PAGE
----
Preparing Your Manufacturing Business for Natural DisastersPreparing Your Manufacturing Business for Natural Disasters
With deadly tornadoes top of mind this week, here's a refresher on disaster preparedness, and how medical device companies have weathered past disasters.
December 14, 2021
In 2017, Medtronic was significantly impacted by multiple natural disasters all in the same fiscal quarter, but managed to weather those disasters by bending, not breaking.
While we have not seen any reports yet of any medical device manufacturers being impacted by the deadly tornadoes that tore through the South and Midwest over the weekend, these storms serve as a reminder of how important disaster preparedness is for manufacturers.
In addition to devastating California wildfires, Medtronic was impacted by three hurricanes that quarter, including Hurricane Maria (pictured below), which took a significant toll on the company's manufacturing operations in Puerto Rico. Hurricane Maria damaged Medtronic buildings across four major locations in Puerto Rico, and impacted thousands of employees there. However, Medtronic reported at the time that all of those sites had resumed limited production after just two weeks. Backup generators, existing inventory levels, and the ability to increase manufacturing in locations outside of Puerto Rico all played a role in Medtronic's recovery from that storm.
In 1999, Hurricane Floyd flooded Kinston, NC, shutting down a West Pharmaceutical Services plant there for two days. About three years later, an explosion and fire at that same plant forced the company to enact a disaster recovery plan it had created partly as a result of the earlier hurricane. In an interview with MD+DI, published in 2003, a company spokesperson credited that disaster plan for the company's ability to quickly relocate production and get the Kinston plant back up and running.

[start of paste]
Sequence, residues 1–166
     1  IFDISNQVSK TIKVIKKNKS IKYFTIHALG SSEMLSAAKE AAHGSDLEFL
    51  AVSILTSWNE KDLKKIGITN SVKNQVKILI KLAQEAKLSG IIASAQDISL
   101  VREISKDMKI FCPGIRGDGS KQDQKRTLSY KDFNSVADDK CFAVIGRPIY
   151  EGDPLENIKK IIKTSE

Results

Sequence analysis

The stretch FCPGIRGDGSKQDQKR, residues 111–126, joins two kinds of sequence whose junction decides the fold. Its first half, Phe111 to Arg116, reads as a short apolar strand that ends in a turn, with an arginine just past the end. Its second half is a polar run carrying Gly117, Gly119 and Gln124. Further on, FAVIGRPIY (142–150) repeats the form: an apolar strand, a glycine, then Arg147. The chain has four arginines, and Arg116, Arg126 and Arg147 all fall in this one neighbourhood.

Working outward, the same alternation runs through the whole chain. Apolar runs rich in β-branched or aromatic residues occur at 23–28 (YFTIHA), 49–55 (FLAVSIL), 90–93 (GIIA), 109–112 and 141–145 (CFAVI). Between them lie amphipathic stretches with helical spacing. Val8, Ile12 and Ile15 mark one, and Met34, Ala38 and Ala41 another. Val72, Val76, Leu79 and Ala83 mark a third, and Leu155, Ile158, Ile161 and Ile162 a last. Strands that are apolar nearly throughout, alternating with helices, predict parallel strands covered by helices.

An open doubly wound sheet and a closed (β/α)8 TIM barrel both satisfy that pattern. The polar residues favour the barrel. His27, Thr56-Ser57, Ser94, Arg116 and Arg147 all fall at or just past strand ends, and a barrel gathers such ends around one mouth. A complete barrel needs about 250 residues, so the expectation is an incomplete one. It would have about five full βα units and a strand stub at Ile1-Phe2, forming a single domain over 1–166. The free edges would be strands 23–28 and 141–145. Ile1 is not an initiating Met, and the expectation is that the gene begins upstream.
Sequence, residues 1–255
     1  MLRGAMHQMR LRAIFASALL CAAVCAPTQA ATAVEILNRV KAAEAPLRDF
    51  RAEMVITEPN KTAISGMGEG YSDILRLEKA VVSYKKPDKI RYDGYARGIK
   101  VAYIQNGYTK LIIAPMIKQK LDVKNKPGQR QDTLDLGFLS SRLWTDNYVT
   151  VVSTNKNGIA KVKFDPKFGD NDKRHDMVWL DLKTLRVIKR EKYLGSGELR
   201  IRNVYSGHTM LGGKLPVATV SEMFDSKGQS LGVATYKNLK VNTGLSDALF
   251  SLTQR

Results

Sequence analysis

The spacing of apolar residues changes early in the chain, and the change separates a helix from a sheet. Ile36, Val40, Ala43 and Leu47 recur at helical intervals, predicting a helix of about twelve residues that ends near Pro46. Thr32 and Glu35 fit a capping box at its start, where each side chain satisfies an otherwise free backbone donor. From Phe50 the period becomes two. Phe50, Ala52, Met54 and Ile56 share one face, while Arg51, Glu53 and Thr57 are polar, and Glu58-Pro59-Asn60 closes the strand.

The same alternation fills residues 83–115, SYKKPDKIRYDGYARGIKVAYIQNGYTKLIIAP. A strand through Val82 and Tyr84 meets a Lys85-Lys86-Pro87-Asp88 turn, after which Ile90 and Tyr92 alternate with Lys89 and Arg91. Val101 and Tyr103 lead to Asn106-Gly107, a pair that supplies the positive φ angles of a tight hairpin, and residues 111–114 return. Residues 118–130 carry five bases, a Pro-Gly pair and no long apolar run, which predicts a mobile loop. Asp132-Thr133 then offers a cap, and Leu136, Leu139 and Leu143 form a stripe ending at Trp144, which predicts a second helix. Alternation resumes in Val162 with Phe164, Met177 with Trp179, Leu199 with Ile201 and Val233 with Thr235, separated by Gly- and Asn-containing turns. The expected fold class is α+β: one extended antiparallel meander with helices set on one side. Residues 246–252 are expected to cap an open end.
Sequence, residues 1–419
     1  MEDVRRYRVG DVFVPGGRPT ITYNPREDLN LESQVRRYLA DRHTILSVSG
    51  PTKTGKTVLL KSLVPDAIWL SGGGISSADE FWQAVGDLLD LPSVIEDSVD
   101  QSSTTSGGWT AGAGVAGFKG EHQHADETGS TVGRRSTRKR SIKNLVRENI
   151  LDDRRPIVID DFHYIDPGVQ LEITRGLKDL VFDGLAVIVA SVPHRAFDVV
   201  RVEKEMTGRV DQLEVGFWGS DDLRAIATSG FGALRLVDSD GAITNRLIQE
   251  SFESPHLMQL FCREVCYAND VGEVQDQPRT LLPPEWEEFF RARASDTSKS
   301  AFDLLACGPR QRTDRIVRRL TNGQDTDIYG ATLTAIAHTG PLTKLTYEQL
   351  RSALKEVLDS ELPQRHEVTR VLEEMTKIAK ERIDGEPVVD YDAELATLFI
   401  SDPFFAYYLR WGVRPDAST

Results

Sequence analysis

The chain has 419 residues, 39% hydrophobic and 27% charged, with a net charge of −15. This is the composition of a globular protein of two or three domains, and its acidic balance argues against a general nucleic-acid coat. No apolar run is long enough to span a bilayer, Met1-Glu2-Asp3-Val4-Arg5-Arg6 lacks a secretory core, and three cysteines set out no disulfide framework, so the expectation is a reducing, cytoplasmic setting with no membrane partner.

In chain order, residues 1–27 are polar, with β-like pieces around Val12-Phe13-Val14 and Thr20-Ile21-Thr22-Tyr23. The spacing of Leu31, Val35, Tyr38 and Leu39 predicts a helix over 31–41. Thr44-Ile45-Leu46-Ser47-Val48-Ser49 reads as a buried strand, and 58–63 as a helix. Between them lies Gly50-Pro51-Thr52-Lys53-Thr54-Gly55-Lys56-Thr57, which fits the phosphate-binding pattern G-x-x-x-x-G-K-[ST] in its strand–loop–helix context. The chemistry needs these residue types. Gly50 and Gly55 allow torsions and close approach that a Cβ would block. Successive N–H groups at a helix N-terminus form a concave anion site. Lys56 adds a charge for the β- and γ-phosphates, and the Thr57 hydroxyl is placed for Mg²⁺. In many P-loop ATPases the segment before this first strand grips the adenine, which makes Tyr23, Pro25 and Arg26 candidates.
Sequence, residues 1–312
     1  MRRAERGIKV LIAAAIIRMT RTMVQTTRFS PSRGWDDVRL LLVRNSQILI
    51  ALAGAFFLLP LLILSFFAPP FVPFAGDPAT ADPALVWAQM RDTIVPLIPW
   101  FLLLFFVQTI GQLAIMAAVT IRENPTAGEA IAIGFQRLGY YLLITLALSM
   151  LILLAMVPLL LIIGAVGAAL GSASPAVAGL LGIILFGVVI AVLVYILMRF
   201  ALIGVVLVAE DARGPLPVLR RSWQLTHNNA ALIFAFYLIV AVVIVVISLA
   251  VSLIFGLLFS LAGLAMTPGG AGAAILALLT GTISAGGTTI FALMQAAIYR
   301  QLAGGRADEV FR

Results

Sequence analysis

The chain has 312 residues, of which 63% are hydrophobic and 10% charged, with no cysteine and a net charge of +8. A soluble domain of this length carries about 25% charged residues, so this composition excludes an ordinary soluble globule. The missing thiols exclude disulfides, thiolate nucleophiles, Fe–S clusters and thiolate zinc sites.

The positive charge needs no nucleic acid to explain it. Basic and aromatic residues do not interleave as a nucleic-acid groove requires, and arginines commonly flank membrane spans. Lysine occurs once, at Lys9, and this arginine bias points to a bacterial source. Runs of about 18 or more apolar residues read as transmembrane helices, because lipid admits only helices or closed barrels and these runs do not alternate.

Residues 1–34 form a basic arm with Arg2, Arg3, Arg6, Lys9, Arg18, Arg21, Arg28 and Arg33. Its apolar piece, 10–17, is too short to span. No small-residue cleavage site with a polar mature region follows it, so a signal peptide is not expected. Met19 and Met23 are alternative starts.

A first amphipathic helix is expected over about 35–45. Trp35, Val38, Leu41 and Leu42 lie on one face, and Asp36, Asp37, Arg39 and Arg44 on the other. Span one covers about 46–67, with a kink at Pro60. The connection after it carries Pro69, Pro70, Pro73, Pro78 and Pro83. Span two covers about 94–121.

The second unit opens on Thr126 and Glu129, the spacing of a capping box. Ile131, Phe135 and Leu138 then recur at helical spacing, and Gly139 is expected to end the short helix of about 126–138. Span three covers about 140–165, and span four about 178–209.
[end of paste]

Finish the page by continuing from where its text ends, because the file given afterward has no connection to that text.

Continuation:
Expert advice on preparing businesses for natural disasters
Below is a roundup of some of the best advice we've heard from risk mitigation experts in recent years to help you safeguard your business and employees from tornadoes, hurricanes, wildfires, and other unforeseen natural disasters.
Have a formal document in place outlining emergency response protocol and key responsibilities
"One of the first things that we did was to set up teams focused on specific aspects of the recovery effort," said Don McMillan, who is now president of Americas at West Pharmaceutical Services. "For example, the operations folks and our engineers were the point people to work through such issues as getting access to the facility, the status of the finished goods inventory, and getting tooling out of the facility."
More recently, as medical device companies continue to manage risks associated with the pandemic, one MD+DI contributor urges medical device leadership to maintain greater transparency for everyone in the company in order to best identify gaps.